Review: Spider Baby (1967)

While watching a very informative documentary on Lon Chaney Jr. several years ago, there was brief mention of a little low budget feature he appeared in called Spider Baby or, The Maddest Story Ever Told, during the later years of his life. Something about it resonated with me so I made a mental note to one day seek it out. Unexpectedly earlier this month I was able to sit down with my girlfriend and watch the obscure piece on Blu-ray thanks to a friend and avid horror movie collector, who has quite the refined taste. Not to go into too much detail, Spider Baby is the third feature from Roger Corman’s protégée and B-movie king Jack Hill, and tells the “maddest” story of family caretaker Bruno (Chaney) who has devoted his life to three wayward siblings after their father’s passing.

Despite the macabre nature of the film’s narrative and of course, a few of its characters, I view Spider Baby as a story of unconditional love. Our central figure, Bruno is a deeply compassionate man, caring for and protecting his deranged brood despite the danger they present; especially the wild and playful Virginia, who’s madness and curiosity is rarely deterred. There’s a darkly comedic element which stems from the arrival of distant relatives and two legal representatives. Their reactions to this mentally afflicted family range from disturbed to initial friendliness and acceptance from the sibling’s cousin, Peter. I can’t image Spider Baby being anything other than black and white, it looks fantastic! There’s so much atmosphere and the camera works really embodies that classic “creepy-old-house” feeling, while at the same time is reflective of how our young characters behave and move about their decrepit surroundings. Lon Chaney Jr. delivers the performance of his life, all in one highly emotional monologue, parts of which I think he draws from his own personal hardships and inner demons.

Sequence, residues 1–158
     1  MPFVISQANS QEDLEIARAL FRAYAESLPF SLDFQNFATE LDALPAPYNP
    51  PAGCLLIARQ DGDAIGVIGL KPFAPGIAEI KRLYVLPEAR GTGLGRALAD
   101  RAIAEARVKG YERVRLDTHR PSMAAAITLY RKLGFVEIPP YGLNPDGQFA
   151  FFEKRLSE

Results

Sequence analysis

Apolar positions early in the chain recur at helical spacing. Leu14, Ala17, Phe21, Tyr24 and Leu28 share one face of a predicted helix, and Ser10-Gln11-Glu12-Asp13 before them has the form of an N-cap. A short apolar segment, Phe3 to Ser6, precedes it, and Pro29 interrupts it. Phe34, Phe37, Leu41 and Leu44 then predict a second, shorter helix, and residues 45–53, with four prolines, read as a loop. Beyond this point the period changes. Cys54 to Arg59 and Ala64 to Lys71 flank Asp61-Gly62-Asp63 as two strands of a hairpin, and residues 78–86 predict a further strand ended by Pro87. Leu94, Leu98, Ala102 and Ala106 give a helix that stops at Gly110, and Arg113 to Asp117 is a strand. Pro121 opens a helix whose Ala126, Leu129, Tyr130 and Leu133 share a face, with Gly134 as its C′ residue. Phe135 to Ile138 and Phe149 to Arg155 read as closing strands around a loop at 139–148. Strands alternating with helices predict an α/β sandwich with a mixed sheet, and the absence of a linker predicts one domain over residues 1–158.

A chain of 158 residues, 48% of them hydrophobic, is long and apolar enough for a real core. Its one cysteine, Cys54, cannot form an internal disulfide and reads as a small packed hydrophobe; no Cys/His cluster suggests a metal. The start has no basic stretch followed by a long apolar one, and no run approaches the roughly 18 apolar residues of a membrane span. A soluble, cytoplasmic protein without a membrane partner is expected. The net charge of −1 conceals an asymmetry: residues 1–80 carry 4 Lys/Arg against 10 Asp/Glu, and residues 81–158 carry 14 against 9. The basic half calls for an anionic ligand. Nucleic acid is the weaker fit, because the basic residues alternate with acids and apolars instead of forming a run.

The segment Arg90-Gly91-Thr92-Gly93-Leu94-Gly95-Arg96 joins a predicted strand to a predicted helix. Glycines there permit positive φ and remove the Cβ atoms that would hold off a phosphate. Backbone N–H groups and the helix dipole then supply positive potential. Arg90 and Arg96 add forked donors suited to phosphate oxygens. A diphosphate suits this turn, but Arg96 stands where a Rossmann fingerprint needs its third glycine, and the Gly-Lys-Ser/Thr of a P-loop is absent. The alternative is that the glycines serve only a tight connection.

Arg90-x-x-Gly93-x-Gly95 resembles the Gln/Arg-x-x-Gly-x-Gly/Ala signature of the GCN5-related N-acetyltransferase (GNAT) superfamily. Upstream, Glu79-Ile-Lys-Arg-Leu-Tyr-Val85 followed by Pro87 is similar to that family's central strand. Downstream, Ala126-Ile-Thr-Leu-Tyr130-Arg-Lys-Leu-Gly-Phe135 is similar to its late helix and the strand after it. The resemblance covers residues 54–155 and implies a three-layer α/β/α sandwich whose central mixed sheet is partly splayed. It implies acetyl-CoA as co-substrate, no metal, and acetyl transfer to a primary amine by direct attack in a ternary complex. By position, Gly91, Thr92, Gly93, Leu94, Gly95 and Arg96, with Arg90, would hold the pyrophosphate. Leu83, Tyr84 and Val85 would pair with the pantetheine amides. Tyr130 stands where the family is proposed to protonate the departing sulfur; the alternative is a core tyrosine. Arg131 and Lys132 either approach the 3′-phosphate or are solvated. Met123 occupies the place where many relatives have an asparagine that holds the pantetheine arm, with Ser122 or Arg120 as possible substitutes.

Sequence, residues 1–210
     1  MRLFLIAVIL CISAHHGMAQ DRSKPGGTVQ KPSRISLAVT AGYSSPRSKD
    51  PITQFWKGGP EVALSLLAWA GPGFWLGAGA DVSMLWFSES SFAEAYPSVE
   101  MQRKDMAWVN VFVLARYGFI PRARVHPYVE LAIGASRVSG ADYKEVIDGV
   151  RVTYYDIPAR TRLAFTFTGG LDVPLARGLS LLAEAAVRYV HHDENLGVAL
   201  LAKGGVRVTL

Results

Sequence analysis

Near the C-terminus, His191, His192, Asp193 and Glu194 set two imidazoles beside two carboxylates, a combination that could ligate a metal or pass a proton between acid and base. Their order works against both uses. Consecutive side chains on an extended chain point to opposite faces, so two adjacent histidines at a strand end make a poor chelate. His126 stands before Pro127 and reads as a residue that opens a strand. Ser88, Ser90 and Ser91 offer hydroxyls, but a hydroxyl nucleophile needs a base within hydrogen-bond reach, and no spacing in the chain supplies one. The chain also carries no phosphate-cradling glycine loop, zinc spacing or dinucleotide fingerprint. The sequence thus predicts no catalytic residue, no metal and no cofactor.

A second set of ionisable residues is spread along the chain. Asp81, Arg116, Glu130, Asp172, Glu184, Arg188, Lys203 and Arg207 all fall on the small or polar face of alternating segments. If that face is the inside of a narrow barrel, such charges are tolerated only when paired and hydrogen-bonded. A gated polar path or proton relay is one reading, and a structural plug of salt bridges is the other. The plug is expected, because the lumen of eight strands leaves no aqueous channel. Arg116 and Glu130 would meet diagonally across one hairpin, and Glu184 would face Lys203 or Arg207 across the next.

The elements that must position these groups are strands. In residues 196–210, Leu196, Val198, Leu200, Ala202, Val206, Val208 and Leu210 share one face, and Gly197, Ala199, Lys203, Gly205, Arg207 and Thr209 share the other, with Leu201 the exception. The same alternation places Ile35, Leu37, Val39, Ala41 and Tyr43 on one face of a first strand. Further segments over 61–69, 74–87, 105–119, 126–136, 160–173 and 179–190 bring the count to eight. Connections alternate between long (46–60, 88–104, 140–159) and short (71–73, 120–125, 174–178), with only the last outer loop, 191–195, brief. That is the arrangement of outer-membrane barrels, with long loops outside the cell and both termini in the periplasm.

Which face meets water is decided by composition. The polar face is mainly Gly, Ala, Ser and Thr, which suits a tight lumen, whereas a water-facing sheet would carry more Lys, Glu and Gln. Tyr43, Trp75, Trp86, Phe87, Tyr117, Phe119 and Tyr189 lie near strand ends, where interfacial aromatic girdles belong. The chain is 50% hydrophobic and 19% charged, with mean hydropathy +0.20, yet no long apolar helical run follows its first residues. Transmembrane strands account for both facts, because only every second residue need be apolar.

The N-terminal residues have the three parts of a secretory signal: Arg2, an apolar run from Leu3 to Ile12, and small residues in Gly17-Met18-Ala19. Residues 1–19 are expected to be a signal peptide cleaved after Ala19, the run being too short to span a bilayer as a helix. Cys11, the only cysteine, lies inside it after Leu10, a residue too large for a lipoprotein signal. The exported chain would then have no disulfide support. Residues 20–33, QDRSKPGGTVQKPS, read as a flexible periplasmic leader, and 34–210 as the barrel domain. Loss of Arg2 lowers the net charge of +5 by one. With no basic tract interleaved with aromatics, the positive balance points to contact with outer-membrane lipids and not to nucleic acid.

For anyone who has ever felt different or out of step with the world in general, Spider Baby will likely strike a chord, in addition to providing a unique horror experience, transcendent of the time period. If you can, get your hands on a copy of Arrow Video’s Blu-ray release, it’s worth every cent!

(1967, dir: Jack Hill)



You can follow cinematic randomness on Twitter and Facebook where you’ll find all my cinematic exploits. Thank you for visiting!

Scroll to Top